Gliese 677Cc is a planet teeming with life and when Ellery arrives after being called there by Minae Nomura, she finds herself alone and adrift in an alien ocean. With nothing but an AI to guide to safely on her journey of discovery. You are this AI.
For this In Other Waters review, we were provided with a free copy of the game.
Platforms: Steam, Nintendo Switch
Players: 1 Player
Genres: Adventure, Point & Click, Exploration
Developer: Jump over the Age
Price: £13.49 – Nintendo Store, Steam TBC
In Other Waters Review
In Other Waters is an adventure, point & click game where you’ll be exploring an alien sea in search for clues of what has happened to Minae. Whilst also discovering and logging data on new life forms. However, what you uncover goes far beyond anything you could have guessed.
You play as the AI inside of a malfunctioning diving suit and must help Ellery on her quest by guiding her and keeping her safe. Along your journey, you will be taking samples of plants and animals to help you understand the planet’s eco-system. Additionally, you’ll also be managing power and oxygen supplies as you comb the ocean bed. But most importantly you will be on the hunt for information about Minae’s disappearance. Why did she disappear? Why did she call you to this planet? What did she want you to find?
The deeper you go – literally, the more you will uncover.
The story is engaging and interesting to get lost in. Despite there being no audio dialogue and very little in the way of visuals for this alien planet. The test creates and delivers a vivid world that truly feels alien. Each description for new plants and animals builds upon the way it looks and behaves with excellent writing. Furthermore, once a life has been fully discovered – through multiple scans and taking samples, you can read up about them in the hab, a home base of sorts.
Look & Feel
The game is beautiful. The majority of the game only features a few colours at a time. That being said, they manage to deliver an extremely engaging and striking visual style whilst retaining a very minimalist feel to it all. There is a delicate balance of keeping the player feeling like they are an AI and there to assist Ellery on her journey. But also letting you feel in control of what is happening. Despite being an AI I felt like there was a strong bond being created between you and Ellery. The more she talks to you, the more you get to know her and I genuinely felt a good connection with her.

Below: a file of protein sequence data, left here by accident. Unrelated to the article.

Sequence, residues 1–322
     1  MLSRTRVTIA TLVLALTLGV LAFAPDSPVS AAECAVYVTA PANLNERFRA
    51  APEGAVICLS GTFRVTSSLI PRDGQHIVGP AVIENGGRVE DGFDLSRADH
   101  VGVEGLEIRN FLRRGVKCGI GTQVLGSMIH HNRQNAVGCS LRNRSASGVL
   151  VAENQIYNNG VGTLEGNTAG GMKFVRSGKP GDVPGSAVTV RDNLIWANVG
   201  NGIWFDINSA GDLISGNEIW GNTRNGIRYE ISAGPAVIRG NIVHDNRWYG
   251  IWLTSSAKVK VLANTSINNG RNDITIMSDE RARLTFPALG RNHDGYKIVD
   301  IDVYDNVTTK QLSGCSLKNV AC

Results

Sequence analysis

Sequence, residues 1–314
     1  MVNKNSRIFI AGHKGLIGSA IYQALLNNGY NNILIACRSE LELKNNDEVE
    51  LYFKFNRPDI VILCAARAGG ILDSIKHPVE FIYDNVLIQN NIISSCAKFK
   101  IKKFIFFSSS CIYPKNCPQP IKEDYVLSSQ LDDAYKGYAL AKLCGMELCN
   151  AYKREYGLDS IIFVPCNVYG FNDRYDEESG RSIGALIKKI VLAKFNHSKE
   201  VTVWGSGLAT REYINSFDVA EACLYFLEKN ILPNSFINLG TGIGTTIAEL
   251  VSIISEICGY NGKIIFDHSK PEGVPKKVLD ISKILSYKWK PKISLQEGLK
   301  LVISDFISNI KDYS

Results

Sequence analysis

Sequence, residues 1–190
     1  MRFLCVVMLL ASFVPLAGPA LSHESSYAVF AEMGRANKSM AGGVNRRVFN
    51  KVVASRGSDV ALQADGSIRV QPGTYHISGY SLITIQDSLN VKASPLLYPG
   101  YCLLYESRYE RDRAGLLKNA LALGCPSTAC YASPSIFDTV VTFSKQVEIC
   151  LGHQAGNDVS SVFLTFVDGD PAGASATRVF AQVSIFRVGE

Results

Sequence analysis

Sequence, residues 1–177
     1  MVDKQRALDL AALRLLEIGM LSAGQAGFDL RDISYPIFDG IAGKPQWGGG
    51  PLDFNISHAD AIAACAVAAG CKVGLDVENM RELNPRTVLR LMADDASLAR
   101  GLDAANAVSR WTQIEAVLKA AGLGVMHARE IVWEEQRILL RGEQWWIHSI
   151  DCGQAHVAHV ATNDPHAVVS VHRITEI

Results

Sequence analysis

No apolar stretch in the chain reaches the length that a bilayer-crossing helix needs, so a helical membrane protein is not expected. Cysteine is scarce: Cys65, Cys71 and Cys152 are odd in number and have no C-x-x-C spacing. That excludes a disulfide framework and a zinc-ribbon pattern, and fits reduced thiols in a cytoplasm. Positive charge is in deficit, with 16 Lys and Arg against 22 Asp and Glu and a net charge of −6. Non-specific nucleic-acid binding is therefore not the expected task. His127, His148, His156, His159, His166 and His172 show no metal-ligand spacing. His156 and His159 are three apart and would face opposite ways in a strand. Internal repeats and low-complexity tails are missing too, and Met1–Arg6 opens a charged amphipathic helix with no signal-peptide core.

Personally, I think In Other Waters is a masterpiece in UI design. Everything is presented in such a perfect way. Considering it’s the main driver for gameplay it feels very important to get right. It’s easy to learn without being intrusive or condescending. Every button you press or turn of a dial feels like a logical thing to do. Furthermore, the simplicity of it’s bright and clean design is fun to use throughout the entire journey.
Just like the user interface, the audio and sound in the game is just as delicately placed. Creatures zip around you making bubbling sounds and high pitched squeals. Moreover, the pressing of buttons is accompanied by satisfying clicks and thunks. Then there is the soundtrack that is ever so gently delivered across the calms waves of the seas. Not only that, but the music also hits the right emotional cords when it needs to, it builds at the right times, and fades to mere low drones when all is calm.
I loved doing this In Other Waters review simply because it’s an excellent adventure full of mystery and intrigue. Additionally, it’s a visual treat with the writing of the game backing it all up to create an all-round fantastic game.